When you do find larvae, look for any white eggs that may be attached to the backs of the armyworm larvae. This is a sign that the larvae have been parasitized by one of its parasites which have done the job for you. Avoid treating with insecticides when large numbers of parasitized larvae are present as they have already been controlled by parasitoids or when larvae are close to 2.5 cm in length, as insecticides will no longer be effective, and the larvae will soon stop feeding.

Chemical control for true armyworm is warranted if there are 4 to 5 un-parasitized larvae per square foot (30 cm x 30 cm). If a significant amount of wheat head clipping is occurring, spray may be warranted if larvae are still actively feeding, are smaller than 2.5 cm and pre-harvest intervals have not been reached.

For CLB, controls are needed if an average of three larvae per tiller are found before boot stage, or one CLB adult or larvae per stem after boot but prior to heading. Chemical control products for winter wheat against TAW and CLB can be found on the Crop Protection Hub. Currently, TAW levels are low across Ontario, and no insecticide treatments are recommended. CLB has been seen in select counties, with some higher prevalence in more southern regions compared to eastern and northern Ontario.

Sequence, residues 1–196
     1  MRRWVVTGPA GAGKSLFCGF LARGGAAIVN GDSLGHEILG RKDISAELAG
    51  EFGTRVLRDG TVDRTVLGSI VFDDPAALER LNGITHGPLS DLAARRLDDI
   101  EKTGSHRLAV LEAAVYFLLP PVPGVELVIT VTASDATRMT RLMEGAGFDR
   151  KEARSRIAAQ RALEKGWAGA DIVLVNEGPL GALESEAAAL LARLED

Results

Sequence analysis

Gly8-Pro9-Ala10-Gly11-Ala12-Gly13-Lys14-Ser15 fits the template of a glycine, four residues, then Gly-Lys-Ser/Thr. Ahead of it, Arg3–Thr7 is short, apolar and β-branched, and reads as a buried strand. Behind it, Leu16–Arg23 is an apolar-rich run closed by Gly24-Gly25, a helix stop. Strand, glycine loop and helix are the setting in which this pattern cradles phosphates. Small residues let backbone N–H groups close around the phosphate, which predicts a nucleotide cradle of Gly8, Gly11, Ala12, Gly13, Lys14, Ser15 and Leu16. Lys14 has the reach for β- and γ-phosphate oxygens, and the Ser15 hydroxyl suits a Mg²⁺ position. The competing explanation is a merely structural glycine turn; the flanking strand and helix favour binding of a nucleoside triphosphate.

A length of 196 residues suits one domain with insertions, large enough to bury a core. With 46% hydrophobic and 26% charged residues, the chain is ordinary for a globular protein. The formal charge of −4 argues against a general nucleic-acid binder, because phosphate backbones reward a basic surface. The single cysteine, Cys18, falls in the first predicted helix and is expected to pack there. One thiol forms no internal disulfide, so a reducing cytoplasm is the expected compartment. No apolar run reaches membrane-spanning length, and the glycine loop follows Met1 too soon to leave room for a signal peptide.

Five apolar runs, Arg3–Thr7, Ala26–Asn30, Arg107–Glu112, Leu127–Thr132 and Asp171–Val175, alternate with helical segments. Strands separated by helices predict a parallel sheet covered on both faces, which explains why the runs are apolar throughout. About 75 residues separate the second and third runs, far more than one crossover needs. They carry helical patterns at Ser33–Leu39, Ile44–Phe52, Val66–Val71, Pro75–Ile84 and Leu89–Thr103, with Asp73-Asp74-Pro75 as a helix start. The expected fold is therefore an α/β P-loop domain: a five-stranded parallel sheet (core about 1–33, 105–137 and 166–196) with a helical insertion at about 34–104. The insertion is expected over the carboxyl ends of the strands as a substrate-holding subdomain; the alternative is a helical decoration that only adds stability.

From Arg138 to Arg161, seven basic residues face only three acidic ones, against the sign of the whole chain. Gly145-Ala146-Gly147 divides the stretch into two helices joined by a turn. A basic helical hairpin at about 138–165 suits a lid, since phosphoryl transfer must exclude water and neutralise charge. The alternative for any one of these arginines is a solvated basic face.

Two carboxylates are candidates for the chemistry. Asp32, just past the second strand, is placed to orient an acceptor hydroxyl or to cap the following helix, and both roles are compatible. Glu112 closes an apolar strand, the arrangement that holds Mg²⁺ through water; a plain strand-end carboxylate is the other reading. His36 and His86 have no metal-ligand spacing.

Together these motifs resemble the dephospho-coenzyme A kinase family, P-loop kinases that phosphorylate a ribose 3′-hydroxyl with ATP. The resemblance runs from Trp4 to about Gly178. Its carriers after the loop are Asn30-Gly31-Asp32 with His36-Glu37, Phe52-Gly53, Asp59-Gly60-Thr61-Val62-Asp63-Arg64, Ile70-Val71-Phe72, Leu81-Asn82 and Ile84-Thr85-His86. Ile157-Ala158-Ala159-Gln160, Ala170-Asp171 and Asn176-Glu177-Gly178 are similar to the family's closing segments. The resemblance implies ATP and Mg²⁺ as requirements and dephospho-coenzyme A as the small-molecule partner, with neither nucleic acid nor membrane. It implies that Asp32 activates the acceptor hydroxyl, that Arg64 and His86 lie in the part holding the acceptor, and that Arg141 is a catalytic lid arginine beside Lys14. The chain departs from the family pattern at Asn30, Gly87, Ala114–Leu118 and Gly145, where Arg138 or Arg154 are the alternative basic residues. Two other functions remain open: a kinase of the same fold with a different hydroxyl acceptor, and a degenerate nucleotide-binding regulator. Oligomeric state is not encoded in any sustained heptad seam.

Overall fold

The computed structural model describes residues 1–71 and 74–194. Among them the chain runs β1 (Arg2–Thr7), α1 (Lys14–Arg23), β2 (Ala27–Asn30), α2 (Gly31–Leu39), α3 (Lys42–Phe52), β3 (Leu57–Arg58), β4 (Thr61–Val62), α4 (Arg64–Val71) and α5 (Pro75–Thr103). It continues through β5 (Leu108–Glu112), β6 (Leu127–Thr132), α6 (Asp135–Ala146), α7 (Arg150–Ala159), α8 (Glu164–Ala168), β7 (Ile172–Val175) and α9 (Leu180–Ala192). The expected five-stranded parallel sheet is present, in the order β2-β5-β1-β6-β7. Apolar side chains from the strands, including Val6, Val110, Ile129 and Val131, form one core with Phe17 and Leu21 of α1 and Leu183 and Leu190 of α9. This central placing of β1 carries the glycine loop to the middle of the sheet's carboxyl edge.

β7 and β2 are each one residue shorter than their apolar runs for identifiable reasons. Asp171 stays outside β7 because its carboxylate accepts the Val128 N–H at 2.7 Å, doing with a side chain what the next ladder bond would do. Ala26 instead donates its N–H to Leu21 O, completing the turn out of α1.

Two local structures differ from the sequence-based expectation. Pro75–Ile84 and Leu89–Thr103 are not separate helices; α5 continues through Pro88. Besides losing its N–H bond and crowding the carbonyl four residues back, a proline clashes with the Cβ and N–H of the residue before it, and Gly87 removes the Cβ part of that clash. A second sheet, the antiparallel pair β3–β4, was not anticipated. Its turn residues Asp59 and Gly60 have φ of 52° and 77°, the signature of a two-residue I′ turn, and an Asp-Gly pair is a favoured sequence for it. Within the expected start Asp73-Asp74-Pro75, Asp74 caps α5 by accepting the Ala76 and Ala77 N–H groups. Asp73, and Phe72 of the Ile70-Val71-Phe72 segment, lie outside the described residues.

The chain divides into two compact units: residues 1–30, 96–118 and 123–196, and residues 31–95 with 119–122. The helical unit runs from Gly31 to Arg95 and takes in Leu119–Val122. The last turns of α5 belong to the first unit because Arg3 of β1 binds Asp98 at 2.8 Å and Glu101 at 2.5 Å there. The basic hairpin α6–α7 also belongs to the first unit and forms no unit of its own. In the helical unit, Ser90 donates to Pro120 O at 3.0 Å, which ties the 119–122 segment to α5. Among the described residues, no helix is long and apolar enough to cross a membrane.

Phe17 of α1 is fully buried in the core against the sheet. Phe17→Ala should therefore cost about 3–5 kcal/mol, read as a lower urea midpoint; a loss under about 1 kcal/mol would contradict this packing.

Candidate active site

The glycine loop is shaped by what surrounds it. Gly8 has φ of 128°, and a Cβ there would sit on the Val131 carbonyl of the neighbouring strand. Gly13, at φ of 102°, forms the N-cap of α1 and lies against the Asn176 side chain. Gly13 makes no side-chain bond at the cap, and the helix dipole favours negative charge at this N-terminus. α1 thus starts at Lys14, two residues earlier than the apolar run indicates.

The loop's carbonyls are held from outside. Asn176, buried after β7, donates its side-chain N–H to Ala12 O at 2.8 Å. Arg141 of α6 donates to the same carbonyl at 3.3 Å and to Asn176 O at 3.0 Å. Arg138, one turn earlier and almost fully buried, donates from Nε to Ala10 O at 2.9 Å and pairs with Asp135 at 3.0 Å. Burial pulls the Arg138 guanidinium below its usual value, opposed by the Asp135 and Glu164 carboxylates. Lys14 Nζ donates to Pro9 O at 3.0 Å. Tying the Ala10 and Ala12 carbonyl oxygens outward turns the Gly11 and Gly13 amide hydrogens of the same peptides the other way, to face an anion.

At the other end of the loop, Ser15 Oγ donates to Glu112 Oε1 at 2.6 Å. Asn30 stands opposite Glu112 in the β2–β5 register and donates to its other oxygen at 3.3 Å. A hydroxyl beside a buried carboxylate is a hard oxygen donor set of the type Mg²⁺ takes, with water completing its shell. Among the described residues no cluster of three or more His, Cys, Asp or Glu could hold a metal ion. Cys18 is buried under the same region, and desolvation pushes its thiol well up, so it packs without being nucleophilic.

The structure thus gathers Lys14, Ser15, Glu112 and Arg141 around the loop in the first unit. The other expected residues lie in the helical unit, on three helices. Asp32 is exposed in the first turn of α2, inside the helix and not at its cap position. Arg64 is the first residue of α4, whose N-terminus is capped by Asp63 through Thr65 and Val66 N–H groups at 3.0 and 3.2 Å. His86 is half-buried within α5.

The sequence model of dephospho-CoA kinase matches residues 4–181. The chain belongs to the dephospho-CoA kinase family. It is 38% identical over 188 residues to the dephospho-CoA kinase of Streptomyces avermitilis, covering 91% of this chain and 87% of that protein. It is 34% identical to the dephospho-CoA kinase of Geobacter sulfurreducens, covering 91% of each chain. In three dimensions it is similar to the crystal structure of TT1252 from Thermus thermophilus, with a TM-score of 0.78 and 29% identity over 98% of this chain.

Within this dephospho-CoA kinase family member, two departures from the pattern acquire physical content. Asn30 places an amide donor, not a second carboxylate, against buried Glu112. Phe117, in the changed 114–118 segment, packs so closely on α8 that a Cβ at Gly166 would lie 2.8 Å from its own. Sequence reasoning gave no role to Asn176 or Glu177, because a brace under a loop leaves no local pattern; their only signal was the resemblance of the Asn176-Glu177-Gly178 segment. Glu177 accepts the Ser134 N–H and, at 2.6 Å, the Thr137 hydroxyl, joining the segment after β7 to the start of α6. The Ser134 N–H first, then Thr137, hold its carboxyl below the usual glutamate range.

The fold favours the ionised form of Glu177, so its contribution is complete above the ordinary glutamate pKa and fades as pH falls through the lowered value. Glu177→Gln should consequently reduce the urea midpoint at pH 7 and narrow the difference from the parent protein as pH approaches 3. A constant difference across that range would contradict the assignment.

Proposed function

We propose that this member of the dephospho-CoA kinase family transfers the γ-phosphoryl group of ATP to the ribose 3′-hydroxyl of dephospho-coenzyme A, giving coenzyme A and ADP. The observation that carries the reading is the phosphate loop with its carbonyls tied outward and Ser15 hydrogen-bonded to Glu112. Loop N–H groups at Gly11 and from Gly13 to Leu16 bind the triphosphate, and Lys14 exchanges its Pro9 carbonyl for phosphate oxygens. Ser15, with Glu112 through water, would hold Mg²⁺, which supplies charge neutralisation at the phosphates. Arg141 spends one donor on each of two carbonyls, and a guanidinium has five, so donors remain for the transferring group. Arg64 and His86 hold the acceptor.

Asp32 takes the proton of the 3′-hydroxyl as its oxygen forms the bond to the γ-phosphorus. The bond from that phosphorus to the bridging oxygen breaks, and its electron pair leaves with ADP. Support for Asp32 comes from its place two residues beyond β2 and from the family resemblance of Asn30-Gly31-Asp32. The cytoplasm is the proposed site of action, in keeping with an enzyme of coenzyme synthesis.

Winter Wheat Growth Stages

Winter wheat is progressing quickly through growth stages with fields in southern Ontario now at head emergence stages which is approximately 10-14 days ahead of normal. Some fields near Harrow are now at anthesis. While fields in southern Ontario are at or quickly approaching anthesis, many areas further east and north are still in the early growth stages and are about 7 days ahead of normal (Table 3).

Location (County)Average Growth Stage (Zadoks)
BrantGS 47 (Flag leaf sheath opening)
BruceGS 39 (Flag leaf collar just visible)
Chatham-KentGS 57 (3/4 of head emerged)
PerthGS 39 (Flag leaf collar just visible)
PeterboroughGS 37 (Flag leaf just visible)
HaldimandGS 41 (Flag leaf sheath extending)
HuronGS 39 (Flag leaf collar just visible)